Q: What Is HDHP Insurance?
Asked by Anonymous on October 11, 2017
HDHP insurance or high-deductible health plans can be characterized by the following key features:
- Affordable monthly premiums;
- One (high) deductible, pre-determined by the IRS; and
- Annual exams + preventive care are covered.
Some HDHP insurance plans also provide access to health savings accounts (HSAs).
Like their name implies, consumers covered by HDHP insurance pay a smaller premium amount each month, but they must also pay thousands of dollars out-of-pocket before insurance begins to cover the cost of their medical expenses. While high-deductible health plans cost less than traditional insurance coverage on a monthly basis, HDHP insurance coverage can also be problematic if you get sick and need healthcare.
While high-deductible health plans can be considered as a type of “catastrophic coverage”, this type of plan comprises its own health insurance category. Additionally, the Internal Revenue Service (IRS) determines HDHP deductible thresholds and qualifying criteria (these guidelines change from year to year). For calendar year 2017, HDHPs plans must have a deductible of at least $1,300 for individuals and at least $2,600 for families. Of course, the deductibles may be larger – and often are.
HDHP Out-Of-Pocket Maximums
The IRS does provide some financial protection in the form of out-of-pocket maximums to people who are enrolled in HDHPs. In 2017, HDHP out-of-pocket maximums were set at $6,550 for individuals and $13,100 for families covered under the same plan. Slight adjustments to these limits are slated for 2018.
HDHP Coverage Details
HDHPs – like all plans under the ACA – are required to cover the cost of in-network preventive care, such as annual checkups, immunizations, and well-woman exams – whether or not the policyholder has met her plan’s annual deductible.
Some HDHPs may be compatible with a health savings account (HSA). HSAs allow those enrolled in high-deductible plans to use pre-tax dollars to pay for their medical and healthcare expenses. Money in an HSA belongs to the consumer and any funds left over at the end of the year carry over into the next year. Additionally, money in an HSA – and the interest earned on it – isn’t taxed.
HSA-Compatibility and HDHP Plans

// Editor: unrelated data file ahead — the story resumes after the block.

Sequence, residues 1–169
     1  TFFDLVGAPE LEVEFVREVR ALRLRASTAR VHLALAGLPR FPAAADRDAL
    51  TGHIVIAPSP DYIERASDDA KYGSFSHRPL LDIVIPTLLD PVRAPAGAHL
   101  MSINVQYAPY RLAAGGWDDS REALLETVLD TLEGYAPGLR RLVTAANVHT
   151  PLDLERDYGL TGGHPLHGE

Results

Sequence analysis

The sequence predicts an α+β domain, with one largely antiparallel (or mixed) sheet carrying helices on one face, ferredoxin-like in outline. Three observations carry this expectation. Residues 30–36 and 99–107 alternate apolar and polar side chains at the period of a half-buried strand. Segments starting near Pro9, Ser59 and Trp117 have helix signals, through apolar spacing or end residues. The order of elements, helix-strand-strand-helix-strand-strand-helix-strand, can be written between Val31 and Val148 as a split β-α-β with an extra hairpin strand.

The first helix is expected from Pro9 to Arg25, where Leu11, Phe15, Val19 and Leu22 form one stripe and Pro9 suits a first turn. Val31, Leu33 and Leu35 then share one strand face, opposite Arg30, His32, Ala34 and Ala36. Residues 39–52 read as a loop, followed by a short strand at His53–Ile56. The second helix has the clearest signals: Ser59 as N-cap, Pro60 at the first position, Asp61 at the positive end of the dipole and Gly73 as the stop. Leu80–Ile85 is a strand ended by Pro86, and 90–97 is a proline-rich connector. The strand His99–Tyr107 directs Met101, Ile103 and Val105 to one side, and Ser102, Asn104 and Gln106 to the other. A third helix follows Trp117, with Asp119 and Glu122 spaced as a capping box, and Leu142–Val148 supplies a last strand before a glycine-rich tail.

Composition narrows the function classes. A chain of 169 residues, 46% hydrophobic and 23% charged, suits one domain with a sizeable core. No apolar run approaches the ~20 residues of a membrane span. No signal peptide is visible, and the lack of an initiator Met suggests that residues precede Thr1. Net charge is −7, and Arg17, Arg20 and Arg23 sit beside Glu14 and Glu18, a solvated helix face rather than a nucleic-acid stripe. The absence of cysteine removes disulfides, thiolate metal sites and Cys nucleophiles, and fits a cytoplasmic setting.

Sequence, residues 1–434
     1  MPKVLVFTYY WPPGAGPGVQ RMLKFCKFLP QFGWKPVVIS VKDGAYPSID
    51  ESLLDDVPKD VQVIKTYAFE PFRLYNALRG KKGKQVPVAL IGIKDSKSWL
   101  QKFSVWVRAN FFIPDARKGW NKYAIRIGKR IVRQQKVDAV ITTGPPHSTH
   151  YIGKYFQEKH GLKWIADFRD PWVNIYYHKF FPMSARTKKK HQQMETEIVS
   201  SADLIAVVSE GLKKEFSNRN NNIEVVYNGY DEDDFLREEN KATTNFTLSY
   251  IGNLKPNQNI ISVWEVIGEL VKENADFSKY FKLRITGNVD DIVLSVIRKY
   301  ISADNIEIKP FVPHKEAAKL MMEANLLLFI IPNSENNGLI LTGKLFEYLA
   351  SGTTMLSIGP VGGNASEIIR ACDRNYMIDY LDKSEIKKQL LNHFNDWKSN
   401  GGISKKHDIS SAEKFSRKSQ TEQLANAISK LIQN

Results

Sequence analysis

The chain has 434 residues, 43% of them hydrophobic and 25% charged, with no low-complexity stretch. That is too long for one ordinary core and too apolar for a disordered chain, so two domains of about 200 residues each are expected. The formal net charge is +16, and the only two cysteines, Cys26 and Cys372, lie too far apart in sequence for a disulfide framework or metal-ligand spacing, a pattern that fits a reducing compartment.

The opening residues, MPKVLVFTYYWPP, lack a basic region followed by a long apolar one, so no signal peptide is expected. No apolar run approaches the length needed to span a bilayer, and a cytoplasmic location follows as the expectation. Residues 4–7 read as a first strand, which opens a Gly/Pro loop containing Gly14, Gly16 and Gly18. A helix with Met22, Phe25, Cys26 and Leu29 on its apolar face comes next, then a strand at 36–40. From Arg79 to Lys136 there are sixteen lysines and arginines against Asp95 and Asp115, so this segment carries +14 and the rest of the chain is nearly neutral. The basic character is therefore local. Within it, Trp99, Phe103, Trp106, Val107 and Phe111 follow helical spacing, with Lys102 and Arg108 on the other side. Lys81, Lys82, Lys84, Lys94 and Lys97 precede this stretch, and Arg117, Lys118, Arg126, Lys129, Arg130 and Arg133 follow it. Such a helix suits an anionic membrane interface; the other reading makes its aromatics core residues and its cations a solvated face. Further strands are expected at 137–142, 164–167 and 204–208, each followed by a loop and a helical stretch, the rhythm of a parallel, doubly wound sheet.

- An HDHP does not guarantee that your employer offers an HSA, only that they can.
- Not all HDHPs are HSA-compatible. Being subject to a deductible over $1,300 does not make your plan HSA-compatible by default; HDHPs must be established as HSA-compatible by your insurance carrier.
- Money in an HSA continues to belong to you, even if you change jobs or retire.
HDHPs & Prescription Drug Coverage
HDHPs cover the cost of prescription drugs that are considered “preventative.” Drugs that aren’t considered preventative must be paid for in full if you have yet to fulfill your out-of-pocket deductible. In other words, drugs must be included under your HDHP provider’s list of approved medications to be covered in full and do not count toward your deductible; if you take a drug that is not on your insurer’s list, you’ll need to pay for your prescription medication out-of-pocket until you meet your plan deductible.
Note: whether or not a medication qualifies as “preventative” is determined by your insurance carrier, so a particular drug may be considered preventative under one plan and not by another. If you’re unsure whether a particular medication is considered preventative under your plan, call your insurance provider to ask.
The Bottom Line
The most important thing to remember with a HDHP is that every decision you make about your medical care counts. HDHPs require consumers to take ownership and initiative over their own care, so it’s crucial for consumers to know what is and isn’t covered under their plan. Many routine health services intended to keep you well (e.g. colonoscopies, mammograms, and vaccinations) are covered at 100 percent by HDHPs. Policyholders should have a comprehensive understanding of their HDHP coverage, so they know what’s free.
Taking the Next Steps
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